(Part of the How to Talk to a Global Warming Skeptic guide)

Objection: Sure, sea ice is shrinking in the Arctic, but it is growing in the Antarctic. Sounds like natural fluctuations that balance out in the end.

Answer: Overall, it is true that sea ice in the Antarctic is increasing.

Around the peninsula, where there is a lot of warming [PDF], the ice is retreating. This is the area of the recent and dramatic Larsen B and Ross ice shelf breakups.

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But the rest of the continent has not shown any clear warming or cooling and sea ice has increased over the last decade or so.

This is not actually a big surprise.

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In fact, it is completely in line with model expectations that CO2-dominated forcing will have a disproportionately large effect in the north. The reasons lie in the much larger amount of land in the northern hemisphere and the fact that the ocean’s thermal inertia and ability to mix delay any temperature signal from the ongoing absorption of heat. The local geography also plays a dominating role. The circumpolar current acts as a buffer preventing warm water from the tropics from transporting heat to the South Pole, a buffer that does not exist in the north. You can read some more details about that here.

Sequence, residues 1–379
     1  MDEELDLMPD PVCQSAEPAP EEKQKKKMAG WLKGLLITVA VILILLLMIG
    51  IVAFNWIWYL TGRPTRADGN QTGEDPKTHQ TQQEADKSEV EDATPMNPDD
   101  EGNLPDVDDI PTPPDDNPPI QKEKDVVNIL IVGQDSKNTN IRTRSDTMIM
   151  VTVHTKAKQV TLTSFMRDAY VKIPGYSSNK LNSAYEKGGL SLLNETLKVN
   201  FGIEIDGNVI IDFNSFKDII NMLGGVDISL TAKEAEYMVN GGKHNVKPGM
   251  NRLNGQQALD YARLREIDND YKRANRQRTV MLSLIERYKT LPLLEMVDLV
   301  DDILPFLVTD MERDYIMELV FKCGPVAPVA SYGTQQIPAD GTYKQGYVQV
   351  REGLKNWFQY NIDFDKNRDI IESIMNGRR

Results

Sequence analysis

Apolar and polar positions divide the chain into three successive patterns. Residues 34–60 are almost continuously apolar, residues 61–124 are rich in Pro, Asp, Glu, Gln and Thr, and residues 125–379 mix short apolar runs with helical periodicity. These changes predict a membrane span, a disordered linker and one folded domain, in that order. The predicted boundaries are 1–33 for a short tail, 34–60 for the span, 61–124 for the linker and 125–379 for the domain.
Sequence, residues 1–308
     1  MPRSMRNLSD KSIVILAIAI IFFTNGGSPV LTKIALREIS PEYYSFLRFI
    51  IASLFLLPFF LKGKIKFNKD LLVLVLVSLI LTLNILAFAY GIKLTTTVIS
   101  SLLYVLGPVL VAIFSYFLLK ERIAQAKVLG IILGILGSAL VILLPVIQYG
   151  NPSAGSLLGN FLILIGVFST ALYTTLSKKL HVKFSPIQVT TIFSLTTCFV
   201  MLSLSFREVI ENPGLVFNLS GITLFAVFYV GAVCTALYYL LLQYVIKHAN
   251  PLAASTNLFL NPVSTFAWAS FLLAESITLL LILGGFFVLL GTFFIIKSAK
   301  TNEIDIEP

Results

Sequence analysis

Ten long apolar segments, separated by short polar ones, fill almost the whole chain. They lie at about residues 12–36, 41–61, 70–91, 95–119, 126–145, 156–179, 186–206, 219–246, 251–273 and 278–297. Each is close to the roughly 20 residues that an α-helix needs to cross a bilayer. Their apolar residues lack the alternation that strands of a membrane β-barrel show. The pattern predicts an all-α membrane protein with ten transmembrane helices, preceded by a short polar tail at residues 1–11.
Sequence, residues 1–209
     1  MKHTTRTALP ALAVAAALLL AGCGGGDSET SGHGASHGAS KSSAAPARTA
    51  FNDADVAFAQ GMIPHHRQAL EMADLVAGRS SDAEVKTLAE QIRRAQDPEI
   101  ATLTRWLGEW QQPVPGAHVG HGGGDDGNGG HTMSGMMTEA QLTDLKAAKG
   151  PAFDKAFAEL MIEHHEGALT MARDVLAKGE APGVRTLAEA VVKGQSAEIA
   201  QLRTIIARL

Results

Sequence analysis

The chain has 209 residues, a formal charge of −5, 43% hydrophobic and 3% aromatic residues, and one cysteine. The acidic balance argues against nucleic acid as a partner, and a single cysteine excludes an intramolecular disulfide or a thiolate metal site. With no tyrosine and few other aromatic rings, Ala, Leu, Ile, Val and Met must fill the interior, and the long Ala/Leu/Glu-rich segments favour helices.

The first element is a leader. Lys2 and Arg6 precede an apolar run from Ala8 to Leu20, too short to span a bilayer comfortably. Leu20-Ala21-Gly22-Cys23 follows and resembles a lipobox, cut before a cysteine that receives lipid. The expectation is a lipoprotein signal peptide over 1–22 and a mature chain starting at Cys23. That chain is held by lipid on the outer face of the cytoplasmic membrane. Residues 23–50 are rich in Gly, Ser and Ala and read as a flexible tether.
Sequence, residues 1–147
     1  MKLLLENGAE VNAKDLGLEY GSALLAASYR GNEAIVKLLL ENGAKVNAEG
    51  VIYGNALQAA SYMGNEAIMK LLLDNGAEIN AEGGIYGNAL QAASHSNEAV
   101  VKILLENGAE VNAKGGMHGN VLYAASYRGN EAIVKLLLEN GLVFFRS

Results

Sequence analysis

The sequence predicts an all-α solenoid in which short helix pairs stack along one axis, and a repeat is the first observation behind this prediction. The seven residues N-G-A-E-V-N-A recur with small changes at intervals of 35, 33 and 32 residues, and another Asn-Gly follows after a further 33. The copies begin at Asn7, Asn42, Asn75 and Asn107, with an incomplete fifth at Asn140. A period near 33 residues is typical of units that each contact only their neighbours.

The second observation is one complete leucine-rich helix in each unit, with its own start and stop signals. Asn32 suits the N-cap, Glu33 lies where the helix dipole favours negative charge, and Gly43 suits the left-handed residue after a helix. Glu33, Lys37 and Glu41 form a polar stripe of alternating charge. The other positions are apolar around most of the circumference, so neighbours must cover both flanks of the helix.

Does it “balance out” in the end? Not really. Sea ice in the Arctic is reaching dramatic record lows. There are other components of the cryosphere that we can look at as well, permafrost, the Greenland ice sheet, global glacier mass, and these all carry the Global Warming signal.

One must look at the balance of evidence, not just those bits one likes. And this balance is clearly in agreement with all other indicators that warming is real and rapid.